AiR: Mike Fleisch
March 5, 2012
If you find yourself standing at a dry erase board, tasked with simply and visually representing ideas (or reality), especially somebody else’s, the pros will want you to remember a few modeling basics: show the actors, relationships, a context or frame, and then label what you can. This assumes a lot, but it’s pretty useful for most dry erase situations.
I appreciate the ontological earliness and ephemerality of dry erase. It tells you by its nature that there’s more to come, and it’s really not all that sure of itself; its very name is eradication. Words, lines, boxes, frames. The form excels at connections and context, but every new bit of information suggests more that’s absent. Visual models are never finished, just abandoned… questions will always remain. What’s just outside the biggest frame? Are the actors labeled correctly? Are the relationships fairly represented, and would the actors agree with them? How does it all look from the inside? How many dimensions have been flattened out? Are these classifications universal? It’s a lot of uncertainty, expressed in a sympathetic medium. And yet, as Naomi Klein reminded the School of Economics at the University of Chicago, “Ideas have consequences.” In some rooms, on some dry erase boards, the ideas represented portend deep permanence indeed.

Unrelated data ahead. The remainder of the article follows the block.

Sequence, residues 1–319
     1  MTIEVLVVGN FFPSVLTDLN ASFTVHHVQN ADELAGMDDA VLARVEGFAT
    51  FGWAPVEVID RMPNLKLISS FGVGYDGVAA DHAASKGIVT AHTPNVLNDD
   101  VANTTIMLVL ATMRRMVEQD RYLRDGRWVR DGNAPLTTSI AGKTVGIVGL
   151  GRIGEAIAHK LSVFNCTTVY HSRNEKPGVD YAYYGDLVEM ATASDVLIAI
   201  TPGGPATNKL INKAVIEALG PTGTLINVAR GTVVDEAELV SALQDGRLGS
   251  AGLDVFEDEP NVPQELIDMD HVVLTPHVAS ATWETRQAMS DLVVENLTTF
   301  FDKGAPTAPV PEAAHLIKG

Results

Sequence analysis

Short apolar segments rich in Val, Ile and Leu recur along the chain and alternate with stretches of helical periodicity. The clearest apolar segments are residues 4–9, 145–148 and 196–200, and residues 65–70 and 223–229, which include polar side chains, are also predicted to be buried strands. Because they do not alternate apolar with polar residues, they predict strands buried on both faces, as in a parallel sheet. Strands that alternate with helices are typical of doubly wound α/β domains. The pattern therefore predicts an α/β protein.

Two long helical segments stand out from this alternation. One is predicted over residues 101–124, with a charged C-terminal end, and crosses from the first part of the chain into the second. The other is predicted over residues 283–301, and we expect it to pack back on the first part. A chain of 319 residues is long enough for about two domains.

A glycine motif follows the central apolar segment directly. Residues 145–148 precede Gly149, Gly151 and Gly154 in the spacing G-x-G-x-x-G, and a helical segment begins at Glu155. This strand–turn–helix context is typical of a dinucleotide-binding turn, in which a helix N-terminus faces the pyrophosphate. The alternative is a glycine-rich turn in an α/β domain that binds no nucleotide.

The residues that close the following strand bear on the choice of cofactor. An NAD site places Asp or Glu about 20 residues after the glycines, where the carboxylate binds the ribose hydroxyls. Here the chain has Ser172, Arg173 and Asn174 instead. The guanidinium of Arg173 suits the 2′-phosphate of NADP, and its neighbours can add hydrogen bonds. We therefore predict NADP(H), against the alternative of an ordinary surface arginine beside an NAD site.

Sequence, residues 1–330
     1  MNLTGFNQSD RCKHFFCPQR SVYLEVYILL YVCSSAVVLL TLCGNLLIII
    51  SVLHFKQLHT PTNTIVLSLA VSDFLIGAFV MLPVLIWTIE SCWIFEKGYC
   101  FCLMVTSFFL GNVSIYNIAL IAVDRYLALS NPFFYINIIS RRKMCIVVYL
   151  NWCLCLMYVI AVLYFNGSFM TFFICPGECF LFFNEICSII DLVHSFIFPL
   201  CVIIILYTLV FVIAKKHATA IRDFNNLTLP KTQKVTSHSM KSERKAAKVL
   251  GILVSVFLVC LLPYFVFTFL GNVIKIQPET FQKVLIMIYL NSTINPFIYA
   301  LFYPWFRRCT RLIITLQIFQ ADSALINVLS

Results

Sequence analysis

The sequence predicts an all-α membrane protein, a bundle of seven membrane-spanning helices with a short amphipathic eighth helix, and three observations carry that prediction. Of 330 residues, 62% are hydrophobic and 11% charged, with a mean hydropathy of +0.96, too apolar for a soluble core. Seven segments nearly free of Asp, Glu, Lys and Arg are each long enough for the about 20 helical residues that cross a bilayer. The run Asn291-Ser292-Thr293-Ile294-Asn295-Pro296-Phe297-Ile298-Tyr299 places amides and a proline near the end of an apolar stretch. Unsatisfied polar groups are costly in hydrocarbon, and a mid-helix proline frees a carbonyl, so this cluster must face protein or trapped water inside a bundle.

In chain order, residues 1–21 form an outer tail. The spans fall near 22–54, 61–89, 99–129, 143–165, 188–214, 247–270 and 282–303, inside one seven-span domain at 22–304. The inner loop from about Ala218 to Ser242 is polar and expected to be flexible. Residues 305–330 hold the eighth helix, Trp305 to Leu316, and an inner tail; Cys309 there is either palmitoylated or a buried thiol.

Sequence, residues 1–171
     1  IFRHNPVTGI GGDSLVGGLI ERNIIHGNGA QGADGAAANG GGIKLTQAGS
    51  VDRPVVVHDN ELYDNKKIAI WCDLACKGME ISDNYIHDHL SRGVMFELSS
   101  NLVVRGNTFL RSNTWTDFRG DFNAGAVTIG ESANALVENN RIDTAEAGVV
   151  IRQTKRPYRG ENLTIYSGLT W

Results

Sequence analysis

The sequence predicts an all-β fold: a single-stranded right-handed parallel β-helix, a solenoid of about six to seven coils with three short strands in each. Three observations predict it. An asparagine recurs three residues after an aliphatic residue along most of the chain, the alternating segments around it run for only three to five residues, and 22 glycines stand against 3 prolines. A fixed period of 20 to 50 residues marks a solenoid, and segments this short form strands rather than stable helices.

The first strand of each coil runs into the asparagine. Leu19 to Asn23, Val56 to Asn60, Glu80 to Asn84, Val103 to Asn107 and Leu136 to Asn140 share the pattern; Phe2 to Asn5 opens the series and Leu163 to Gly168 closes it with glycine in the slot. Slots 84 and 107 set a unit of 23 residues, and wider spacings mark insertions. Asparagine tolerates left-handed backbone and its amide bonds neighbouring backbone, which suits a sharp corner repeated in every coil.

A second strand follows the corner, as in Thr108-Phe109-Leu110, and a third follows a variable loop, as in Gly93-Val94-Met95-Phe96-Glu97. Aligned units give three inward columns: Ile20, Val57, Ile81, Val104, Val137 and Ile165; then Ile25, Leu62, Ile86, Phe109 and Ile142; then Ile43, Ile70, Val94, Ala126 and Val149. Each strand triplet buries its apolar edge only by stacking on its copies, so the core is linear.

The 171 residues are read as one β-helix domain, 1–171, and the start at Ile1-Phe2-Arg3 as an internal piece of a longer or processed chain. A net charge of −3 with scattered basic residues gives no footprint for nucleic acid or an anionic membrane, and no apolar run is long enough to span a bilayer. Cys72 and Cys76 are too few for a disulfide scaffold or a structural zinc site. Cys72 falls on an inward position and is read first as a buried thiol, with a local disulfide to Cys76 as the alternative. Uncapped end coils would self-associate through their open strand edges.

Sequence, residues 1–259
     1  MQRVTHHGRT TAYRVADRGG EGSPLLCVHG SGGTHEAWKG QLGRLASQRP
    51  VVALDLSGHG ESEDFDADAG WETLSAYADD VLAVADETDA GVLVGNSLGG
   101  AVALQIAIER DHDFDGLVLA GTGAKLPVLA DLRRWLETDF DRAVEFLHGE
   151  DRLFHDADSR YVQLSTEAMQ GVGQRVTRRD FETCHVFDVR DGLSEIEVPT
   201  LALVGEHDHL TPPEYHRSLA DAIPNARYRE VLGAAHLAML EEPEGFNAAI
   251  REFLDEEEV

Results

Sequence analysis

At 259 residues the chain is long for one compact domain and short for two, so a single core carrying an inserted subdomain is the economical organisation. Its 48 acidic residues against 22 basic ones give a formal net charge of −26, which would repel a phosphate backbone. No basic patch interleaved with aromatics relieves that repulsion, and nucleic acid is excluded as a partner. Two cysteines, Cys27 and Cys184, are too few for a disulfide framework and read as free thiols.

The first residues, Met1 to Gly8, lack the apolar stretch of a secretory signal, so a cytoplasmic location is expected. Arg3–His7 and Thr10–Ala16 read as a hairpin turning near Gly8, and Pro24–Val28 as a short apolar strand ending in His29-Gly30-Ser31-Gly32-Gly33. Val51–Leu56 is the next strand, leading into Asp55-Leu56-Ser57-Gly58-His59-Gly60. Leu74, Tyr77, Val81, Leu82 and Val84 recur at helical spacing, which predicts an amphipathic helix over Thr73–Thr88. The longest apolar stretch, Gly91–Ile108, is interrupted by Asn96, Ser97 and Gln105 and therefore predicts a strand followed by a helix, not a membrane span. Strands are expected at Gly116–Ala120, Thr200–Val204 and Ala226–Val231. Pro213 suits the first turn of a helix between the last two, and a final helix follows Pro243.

Images tell stories… Is this form better suited to certain kinds of stories? Or has it not yet been explored enough to know? It’s not a bad approximation of how our heads work, connecting things and framing them so we can understand and apply. But when the model does fail, which is more interesting: the plainly-there connections that we miss, or those we falsely imagine against all logic? What’s actually at stake are the magic, mystery, and insanity that coat the surface, the slippery madness that comprises the plane and lets us pretend we can always start from scratch.
Mike Fleisch lives with his family in Cincinnati, where he co-founded Chase Public, an arts and assembly space loosely based on The Gift by Lewis Hyde. Writer, designer, painter, and filmmaker; Mike’s first feature film, Good Work, about a postgrad drifter who unwittingly meanders into the one percent, is in the final stages of editing. He does business as The Manufacturing Company, and is on Twitter @mikefleisch.
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